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TETRA Radio For Critical Comms Is Vulnerable, Researchers Show

TETRA Transceiver station, a tiny concrete shack with a huge antanna on top.
TETRA Transceiver station

Security consultancy Midnight Blue has found five vulnerabilities in TETRA, a radio standard used world-wide for critical communications such as emergency response, industrial equipment, military comms, transport and critical infrastructure. The collection of vulnerabilities named TETRA:BURST allow for realtime decryption, message injection, and user deanonymization. During a 1.5 year-long responsible disclosure process mitigation measures have been shared with relevant stakeholders. They will be made public on August 9, 2023 when the embargo is lifted. The research was funded through the NGI0 PET programme

No security by obscurity

TETRA or Terrestrial Trunked Radio was standerdised in 1995 by the European Telecommunications Standards Institute. Despite its critical function, wide-spread deployment (over 100 countries) and its age, it has never been subjected to public security research until Midnight Blue stepped up. TETRA security relies on a set of secret, proprietary cryptographic algorithms. This is not a good practice, according to the three Midnight Blue researchers Jos Wetzels, Carlo Meijer and Wouter Bokslag. Rather than relying on secrecy it's better to have open systems which can be prodded and tested by security experts.

Old garbage

Bart Jacobs, Professor of Security, Privacy and Identity at Radboud University Nijmegen, also advocates for open systems. In an interview with journalist Daniël Verlaan for the Dutch news program RTL Nieuws, he said: "TETRA is, to say it plainly, old garbage that has been used for much too long. That is unacceptable behavior. Not only of vendors who sell these types of systems but also of those who deploy it like the government and big companies. They should have been more critical and just buy open systems instead of these kinds of secret systems.


The researchers were able to reverse-engineer the algorithms. Of the TETRA:BURST vulnerabilities they found, two are critical, one of which is a backdoor purposefully built in. The backdoor reduces the original 80-bit key which is strong to a 32-bit key. The researchers demonstrate the use of the backdoor in a video. It takes them about a minute to crack the key using an ordinary laptop. Once cracked, they can not only intercept all radio traffic but also communicate. Since TETRA is also used for machine-to-machine communication in industrial settings, this can be exploited to send harmful commands to machines. The backdoor is found in one specific algorithm that was intended for commercial use and restricted export scenarios.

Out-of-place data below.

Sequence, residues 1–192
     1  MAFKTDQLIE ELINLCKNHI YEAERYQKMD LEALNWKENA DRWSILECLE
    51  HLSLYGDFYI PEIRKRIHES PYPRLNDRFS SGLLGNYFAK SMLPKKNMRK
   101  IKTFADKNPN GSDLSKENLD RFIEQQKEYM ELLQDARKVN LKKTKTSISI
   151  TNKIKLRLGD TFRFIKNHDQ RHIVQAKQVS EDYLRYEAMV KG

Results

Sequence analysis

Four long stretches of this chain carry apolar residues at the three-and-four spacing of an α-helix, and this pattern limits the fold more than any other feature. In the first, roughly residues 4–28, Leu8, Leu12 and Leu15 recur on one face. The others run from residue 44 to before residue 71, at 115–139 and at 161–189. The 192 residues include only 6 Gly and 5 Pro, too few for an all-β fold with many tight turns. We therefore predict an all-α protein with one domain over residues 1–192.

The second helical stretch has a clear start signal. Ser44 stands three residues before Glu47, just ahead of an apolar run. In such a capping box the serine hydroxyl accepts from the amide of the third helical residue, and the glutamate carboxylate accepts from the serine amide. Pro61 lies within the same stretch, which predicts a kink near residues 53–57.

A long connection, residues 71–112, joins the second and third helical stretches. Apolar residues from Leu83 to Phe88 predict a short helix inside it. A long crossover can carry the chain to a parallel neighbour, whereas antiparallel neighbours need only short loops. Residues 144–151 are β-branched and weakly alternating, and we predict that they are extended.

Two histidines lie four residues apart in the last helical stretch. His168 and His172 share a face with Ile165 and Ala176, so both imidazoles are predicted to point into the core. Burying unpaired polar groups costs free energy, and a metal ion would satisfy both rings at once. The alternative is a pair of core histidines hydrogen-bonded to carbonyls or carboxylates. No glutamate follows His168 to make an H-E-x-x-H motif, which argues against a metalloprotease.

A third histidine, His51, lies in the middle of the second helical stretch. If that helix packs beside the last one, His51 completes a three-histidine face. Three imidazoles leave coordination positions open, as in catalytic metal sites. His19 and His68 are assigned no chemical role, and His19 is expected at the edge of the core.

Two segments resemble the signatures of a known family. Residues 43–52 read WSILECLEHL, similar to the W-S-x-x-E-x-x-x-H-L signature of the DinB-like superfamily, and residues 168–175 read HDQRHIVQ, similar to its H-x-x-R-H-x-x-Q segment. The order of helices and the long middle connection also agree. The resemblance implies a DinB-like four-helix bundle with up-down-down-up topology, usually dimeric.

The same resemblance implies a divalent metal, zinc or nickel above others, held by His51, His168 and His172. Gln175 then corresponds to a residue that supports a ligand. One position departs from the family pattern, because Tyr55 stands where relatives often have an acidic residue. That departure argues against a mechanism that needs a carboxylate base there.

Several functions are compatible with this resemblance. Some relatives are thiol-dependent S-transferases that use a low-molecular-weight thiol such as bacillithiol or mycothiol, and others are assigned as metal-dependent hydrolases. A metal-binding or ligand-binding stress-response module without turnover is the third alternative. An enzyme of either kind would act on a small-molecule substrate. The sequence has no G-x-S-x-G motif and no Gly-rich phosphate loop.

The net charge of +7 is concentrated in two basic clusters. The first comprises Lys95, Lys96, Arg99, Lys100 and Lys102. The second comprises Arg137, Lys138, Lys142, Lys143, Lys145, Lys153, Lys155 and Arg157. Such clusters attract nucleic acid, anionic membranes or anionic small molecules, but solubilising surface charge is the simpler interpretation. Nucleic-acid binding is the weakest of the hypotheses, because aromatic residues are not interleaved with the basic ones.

Disclosure process

Midnight Blue first reported TETRA:BURST to the Dutch National Cyber Security Centre (NCSC) in December 2021. The coordinated vulnerability disclosure process took 1.5 years, much longer than the six months the NCSC's guidelines stipulate. This was the result of the critical functions of the TETRA system, the complexity of addressing the vulnerabilities, and the difficulty tracking down TETA's many vendors and users. The mitigation measures consist of patches in some cases and extra security measures in others. The have been shared with the relevant stakeholders by way of the NCSC. They are described on the Midnight Blue webpage and further technical details will be released when the embargo is lifted on August 9, 2023. The researchers will present their work on conferences such as Blackhat USA, DEF CON and Chaos Communication Camp. The full list of tour dates and much more information on TETRA:BURST is on the Midnight Blue webpage linked above.


Midnight Blue's research was funded under the project name RE:TETRA through the NGI0 PET. The PET or Privacy & Trust Enhancing Technologies fund is established by with financial support from the European Commission's Next Generation Internet programme.

Do you also have an open source project that needs funding? You can apply for one of the theme funds of NLnet.

Image: TETRA Transceiver station by Wilbert van de Kolk via Wikipedia. Public domain.
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